April 4, 2018 at 9:05 am

Curran Presents on Mid-Pleistocene of Tanzania at Paleoanthropology Society

Dr. Sabrina Curran

Dr. Sabrina Curran

Dr. Sabrina Curran, Assistant Professor of Anthropology, presents “Renewed explorations of the Mid-Pleistocene site, Isimila, Tanzania” at a joint meeting this month of the Paleoanthropology Society and American Association of Physical Anthropologists in Austin, Texas.

The Paleoanthropology Society was founded in 1992. It recognizes that paleoanthropology is multidisciplinary in nature and the organization’s central goal is to bring together physical anthropologists, archaeologists, paleontologists, geologists and a range of other researchers whose work has the potential to shed light on hominid behavioral and biological evolution.

The American Association of Physical Anthropologists is the world’s leading professional organization for physical anthropologists. Formed by 83 charter members in 1930, the AAPA now has an international membership of over 1,700. The Association’s annual meetings draw more than a thousand scientists and students from all over the world. Physical anthropology is a biological science that deals with the adaptations, variability, and evolution of human beings and their living and fossil relatives. Because it studies human biology in the context of human culture and behavior, physical anthropology is also a social science.

Curran’s article is co-authored by Dr. Paul Patton, Assistant Professor of Anthropology, and Dr. Cassy Mtelela, Lecturer of Geology at the University of Dar es Salaam.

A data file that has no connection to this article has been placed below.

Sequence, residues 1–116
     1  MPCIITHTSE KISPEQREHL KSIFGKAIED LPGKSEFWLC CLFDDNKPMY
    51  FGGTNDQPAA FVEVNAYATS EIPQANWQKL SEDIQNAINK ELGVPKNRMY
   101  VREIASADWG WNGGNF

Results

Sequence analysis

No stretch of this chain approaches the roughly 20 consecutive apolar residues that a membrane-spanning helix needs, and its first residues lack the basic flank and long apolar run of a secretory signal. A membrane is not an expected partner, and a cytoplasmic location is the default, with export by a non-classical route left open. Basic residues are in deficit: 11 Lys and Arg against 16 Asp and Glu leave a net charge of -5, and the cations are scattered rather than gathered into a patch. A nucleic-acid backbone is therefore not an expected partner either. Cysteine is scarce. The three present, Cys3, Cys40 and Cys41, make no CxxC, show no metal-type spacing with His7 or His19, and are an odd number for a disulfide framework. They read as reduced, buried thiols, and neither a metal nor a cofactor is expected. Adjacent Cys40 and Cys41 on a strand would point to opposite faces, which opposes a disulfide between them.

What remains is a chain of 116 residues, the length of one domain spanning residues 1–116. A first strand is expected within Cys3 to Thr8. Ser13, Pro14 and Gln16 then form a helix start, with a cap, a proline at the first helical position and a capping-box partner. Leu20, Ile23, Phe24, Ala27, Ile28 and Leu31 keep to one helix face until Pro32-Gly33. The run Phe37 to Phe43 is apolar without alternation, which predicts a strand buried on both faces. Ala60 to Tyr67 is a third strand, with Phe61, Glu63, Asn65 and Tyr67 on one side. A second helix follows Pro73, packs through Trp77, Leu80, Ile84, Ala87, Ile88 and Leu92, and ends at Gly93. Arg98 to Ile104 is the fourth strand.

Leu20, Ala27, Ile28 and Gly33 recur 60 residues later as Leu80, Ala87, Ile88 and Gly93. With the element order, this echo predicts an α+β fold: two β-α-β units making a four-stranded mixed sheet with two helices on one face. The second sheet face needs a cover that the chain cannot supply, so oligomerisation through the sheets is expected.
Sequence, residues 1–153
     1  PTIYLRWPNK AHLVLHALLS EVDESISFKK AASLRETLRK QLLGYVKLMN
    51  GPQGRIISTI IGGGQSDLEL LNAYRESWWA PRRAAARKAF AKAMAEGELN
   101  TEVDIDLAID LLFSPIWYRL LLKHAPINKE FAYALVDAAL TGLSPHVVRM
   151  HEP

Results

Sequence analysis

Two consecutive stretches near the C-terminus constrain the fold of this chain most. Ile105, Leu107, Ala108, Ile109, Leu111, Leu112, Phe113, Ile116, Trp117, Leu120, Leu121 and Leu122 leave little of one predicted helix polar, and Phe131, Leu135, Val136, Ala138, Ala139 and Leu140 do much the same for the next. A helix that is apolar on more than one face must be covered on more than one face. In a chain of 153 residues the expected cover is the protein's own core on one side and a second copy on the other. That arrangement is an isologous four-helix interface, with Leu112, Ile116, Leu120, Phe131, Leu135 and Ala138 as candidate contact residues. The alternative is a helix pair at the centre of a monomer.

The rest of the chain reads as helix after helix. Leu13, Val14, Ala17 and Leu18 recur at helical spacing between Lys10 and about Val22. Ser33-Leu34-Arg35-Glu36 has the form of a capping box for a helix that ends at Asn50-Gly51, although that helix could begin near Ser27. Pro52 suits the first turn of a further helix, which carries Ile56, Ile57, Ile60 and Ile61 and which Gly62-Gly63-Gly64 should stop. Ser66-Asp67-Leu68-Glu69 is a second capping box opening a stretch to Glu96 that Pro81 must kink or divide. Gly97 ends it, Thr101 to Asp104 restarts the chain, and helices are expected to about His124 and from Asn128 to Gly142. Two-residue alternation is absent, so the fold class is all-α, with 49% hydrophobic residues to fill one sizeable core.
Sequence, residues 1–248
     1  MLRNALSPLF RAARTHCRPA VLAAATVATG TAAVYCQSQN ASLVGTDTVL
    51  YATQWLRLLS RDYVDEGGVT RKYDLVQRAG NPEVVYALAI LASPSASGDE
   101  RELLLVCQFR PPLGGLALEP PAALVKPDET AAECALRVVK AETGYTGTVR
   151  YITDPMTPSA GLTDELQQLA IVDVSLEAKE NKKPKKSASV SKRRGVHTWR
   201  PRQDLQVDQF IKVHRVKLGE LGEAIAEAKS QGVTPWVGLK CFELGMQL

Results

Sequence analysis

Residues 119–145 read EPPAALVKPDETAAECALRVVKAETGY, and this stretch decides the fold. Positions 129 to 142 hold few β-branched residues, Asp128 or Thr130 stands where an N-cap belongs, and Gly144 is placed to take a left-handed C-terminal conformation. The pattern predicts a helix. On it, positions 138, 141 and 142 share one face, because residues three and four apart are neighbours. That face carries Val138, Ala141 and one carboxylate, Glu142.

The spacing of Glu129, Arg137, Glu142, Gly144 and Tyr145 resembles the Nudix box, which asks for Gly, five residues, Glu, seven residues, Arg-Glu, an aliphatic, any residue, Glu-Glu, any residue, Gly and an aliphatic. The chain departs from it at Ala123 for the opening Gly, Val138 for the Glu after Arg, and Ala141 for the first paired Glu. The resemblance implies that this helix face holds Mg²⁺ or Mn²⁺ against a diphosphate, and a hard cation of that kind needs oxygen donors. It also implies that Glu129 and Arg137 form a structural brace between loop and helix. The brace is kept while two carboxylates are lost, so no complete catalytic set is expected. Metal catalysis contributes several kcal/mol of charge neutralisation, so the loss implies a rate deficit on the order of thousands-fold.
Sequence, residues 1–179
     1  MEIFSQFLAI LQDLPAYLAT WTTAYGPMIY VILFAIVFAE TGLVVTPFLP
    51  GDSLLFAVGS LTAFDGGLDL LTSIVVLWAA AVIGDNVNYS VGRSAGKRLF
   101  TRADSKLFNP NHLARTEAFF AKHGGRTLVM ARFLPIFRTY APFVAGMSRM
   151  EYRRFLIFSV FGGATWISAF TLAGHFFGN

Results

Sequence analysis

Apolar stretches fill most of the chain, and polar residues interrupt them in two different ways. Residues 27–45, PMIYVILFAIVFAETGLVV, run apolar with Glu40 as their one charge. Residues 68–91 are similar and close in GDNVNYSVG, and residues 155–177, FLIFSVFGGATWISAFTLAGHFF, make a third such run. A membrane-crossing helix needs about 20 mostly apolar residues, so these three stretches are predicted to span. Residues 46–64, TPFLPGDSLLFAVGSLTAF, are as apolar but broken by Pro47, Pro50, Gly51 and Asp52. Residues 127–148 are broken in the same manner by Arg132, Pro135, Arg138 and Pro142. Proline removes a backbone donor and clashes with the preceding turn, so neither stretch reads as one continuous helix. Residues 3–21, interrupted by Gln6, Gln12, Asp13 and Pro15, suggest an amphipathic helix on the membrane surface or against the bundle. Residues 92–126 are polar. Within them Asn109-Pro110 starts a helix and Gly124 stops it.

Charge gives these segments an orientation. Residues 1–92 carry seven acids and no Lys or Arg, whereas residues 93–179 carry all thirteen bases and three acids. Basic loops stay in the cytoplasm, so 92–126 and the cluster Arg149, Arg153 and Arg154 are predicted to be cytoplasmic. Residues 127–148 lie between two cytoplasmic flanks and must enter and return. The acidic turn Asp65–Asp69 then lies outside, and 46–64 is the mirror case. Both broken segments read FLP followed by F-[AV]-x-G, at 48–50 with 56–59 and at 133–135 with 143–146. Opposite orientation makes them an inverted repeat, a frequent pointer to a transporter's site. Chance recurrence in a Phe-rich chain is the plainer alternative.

Abstract: Isimila, located in central Tanzania, is well-known for its vast assemblage of Acheulean tools, where hand axes exist in densities similar to Olorgesailie, Kenya. Most of the work conducted at Isimila occurred in the 1960s and ’70s, and though the site currently exists as a tourist destination, there has been little archaeological work there in the past few decades. Originally dated to 260,000 years ago (Howell, 1972), there are indications that Isimila may be older. Here we r

Fossils were found both in and ex situ contexts. In situ fossils are very well-preserved and include partial pelvis, vertebrae, and dental remains, including a large tusk. Ex situ fossils in variable stages of preservation numbered in the hundreds. In situ fossils had very little bone surface modification, while ex situ specimens were in weathering stages 0-4, had limited carnivore damage, and exhibited some polishing, suggesting that they may have been deposited in fluvial or lacustrine contexts. Most fossils were assigned to Hippopotamus, although specimens of turtle and crocodile (both previously unreported), suid (Kolpochoerus), and bovid were recovered. Thus, the potential for finding further fossil material is high. Further, preliminary taphonomic assessment of new fossils revealed two specimens with likely cut-marks. Despite the abundance of stone tools at the site, these are the first reported cut-marks on fossils from Isimila.

Acknowledgements: We thank the Tanzania Commission for Science and Technology, Mohammed Ngoma, Joseph Temu and the Department of Antiquities, Nancy Stevens, and Patrick O’Connor. This research was funded by the Ohio University Research Council and Ohio University’s International Travel Fund.

References: Howell, F. Clark, Glen H. Cole, Maxine R. Kleindienst, Barney J. Szabo, and Kenneth P. Oakley (1972) Uranium-series Dating of Bone from the Isimila Prehistoric Site, Tanzania. Nature 237:51-52.

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